3, understand yourself, let your naturally self guild you to your strategy, not the other way round, which is learn a strategy and change your behavour. in another words, develop your own strategy that suit you.
          4, understand how market works, many got this one wrong and very deadly. how market works are similar to how nature works. your strategy mainly derieve from the understanding of the market and of yourself.
          5, integrate your trading ideas into all aspect of your life, you don’t on one hand believe in one thing in the market and in life do it another way, for example money management, where you can cut losses quick when trading but in life you spend money like wild fire.

          i change and be able to trade when my believes change totally. i learn to do what i can’t do before, i learn to love or accept what i can’t accept before, while still keep my natural self. the more i can do it at ease, the better is the trading results. and if your only reason is to make money, you will not be able to do it.

          i stop here.

          • coconut
            Posted at 01:13h, 12 November

            to sum up,

            you need to be “balance” in all front to be a good trader.

            and to be able to “balance” yourself, especially in trading, you need to be very flexible, in your minds (believes) and actions.

          • Alvin
            Posted at 01:18h, 12 November

            Basically u r saying traders wannabes should look internally to understand their own beliefs and behaviour. They also need to understand externally how the market works. Then they find a strategy that allow them to function in the market at ease.

  • forexpiper
    Posted at 01:35h, 12 November Reply

    yes, we all know trading is difficult. many i know could not even trade consistently even when they have been spoon-fed the strategy and other knowledge. Many will be hyped up and they will try for a month or so. Then all the distractions and self-doubt will set in. Trading is not tough menially. One would really need to love the game to bring him through the many years of losses, then slowly to breakeven, then to profitability. This in my opinion is the most difficult. Not trading itself.

    • Alvin
      Posted at 04:18h, 13 November Reply

      That is a good point: Trading is not difficult, it is about persevering through the years of losses.

  • coconut
    Posted at 02:04h, 12 November Reply

    in order to find out what kind of a trader one is, unfortunately, one has to trade first, if you don’t trade and trade and trade, how the hell would one know?

    it is through lots and lots of trading would you know bit by bit, what kind of a trader, or should i say what kind of emotional being one is.

    as for the market function, its a relative easy one, its a relative market place, where all market are interwine and related, just like nature. in an extreme, you can even argue that when you sneeze will cause the US to have a horrican next month.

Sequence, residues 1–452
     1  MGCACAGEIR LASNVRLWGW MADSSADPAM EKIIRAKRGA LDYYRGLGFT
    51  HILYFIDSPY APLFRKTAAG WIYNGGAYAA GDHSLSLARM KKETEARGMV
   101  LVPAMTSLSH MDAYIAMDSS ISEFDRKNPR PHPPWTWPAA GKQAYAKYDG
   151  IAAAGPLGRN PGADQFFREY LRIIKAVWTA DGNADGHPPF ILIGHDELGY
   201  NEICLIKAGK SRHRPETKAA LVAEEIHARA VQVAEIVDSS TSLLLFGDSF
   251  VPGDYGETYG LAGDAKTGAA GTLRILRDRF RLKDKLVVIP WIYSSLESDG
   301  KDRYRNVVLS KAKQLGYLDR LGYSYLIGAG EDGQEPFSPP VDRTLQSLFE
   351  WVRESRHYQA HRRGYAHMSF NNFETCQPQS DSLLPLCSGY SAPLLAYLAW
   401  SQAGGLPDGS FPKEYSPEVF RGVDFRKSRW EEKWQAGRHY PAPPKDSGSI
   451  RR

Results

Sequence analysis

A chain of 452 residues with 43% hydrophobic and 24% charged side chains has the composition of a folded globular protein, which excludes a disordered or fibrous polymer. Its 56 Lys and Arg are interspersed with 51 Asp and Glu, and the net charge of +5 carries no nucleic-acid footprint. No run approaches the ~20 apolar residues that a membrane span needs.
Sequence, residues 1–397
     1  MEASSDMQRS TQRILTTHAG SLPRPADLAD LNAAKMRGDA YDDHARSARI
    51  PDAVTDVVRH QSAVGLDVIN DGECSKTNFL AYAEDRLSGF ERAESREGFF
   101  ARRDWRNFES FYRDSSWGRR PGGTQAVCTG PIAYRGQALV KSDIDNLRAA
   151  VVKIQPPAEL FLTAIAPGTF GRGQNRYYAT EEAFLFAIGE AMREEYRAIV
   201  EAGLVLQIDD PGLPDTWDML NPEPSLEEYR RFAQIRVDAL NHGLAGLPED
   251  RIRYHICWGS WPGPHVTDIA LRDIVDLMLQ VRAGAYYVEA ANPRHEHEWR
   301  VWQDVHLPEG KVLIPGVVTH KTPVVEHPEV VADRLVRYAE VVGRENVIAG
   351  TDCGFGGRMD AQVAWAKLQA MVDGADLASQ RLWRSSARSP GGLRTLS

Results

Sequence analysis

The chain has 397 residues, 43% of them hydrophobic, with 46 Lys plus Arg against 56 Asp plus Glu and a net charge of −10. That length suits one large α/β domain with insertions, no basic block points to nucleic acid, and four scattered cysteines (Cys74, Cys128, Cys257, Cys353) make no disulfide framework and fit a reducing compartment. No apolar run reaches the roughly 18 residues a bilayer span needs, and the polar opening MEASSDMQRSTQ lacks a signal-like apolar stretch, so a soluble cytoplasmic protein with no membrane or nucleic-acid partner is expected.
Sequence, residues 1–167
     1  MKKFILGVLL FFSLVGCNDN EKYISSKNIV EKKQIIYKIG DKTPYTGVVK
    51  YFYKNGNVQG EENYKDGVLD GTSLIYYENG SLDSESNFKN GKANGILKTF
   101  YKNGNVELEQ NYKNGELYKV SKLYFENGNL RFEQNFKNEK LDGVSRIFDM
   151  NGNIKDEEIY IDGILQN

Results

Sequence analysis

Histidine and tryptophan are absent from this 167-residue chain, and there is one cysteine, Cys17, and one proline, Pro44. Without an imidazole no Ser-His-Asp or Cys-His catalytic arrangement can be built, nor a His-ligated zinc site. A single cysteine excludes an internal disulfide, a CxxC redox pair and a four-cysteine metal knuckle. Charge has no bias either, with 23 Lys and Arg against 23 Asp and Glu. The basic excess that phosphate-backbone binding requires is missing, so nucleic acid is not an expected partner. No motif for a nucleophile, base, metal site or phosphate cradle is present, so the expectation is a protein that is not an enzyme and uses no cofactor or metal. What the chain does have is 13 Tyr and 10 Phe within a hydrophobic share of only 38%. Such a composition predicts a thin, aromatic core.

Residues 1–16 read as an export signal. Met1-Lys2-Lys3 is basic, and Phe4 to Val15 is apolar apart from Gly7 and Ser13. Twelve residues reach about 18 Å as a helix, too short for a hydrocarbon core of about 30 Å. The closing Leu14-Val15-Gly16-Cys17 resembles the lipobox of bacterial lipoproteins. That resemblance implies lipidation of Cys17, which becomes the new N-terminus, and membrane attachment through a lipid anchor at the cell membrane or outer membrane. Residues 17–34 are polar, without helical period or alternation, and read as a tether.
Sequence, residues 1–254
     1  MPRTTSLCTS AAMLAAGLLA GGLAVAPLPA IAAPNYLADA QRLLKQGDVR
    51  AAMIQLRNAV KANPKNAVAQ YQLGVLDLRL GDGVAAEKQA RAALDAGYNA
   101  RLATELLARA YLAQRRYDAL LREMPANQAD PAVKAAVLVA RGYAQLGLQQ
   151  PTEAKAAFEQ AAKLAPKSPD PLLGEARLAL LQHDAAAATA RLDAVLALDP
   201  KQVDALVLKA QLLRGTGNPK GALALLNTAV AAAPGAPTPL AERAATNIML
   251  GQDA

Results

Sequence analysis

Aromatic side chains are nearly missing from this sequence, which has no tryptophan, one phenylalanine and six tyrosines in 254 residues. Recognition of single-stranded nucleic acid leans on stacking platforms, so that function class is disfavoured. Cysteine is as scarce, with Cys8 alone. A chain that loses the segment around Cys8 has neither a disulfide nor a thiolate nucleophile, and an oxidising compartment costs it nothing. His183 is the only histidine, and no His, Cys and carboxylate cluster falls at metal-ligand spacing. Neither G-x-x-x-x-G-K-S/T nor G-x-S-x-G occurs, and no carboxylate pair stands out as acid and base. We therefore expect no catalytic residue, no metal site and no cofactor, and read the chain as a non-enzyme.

and about strategy, no need to look for one advance or complex strategy where nobody knows like the algo. do it just like what the digital age is doing, using simple “0” and “1” combination to create what ever immage you desire. in another words, using simple ideas with different method to combine into one overall balancing strategy.

    • coconut
      Posted at 05:02h, 12 November Reply

      on a deeper side, the trader need to stand a side and stay nutral to evaluate himself and thats not easy, let alone to understand their own beliefs and behaviour!

      one easy way for me to do is to crash (challenge) my own believes and any of my excuses for doing something.

  • fat88trader
    Posted at 05:38h, 12 November Reply

    Haha, Coconut, you are here to share your 1 Dollar worth of trading ideas!

    95% of the losers don’t lose to the top 5%, most of the losses are due to commission and other expenses for providing a secure trading platform for us to trade or gamble, depend on how you look at it.

    In the past, I used to play majong at one of the clan association immediately after the first session close of the market, we would take our lunch early and by about 11 am, the four kakies would sit down for minimum of 2 rounds of the game. We paid $15 for each round to the association for providing the place and service, so normally about $30 for 2 rounds. We make money from each other but at the end of the day the 4 of us would be poorer by at least $30. We would at least contribute about $660 a month for trying to win from one another.

    To all the traders, be conscious of the cost of trading, keep it to the minimum until you find that edge.

    • Alvin
      Posted at 04:16h, 13 November Reply

      Hey fat88trader, nice to see you back in action :D

      Yes, I know you have always view trading as a negative sum game because of commissions and your mahjong example is apt.

  • coconut
    Posted at 01:12h, 14 November Reply

    only 1 dollar?

    “is not that my company is not making money, we did!, but all of it went to pay our employees, i think i should fire some of them to keep us in the green”

    haha ok i agree with fat this time.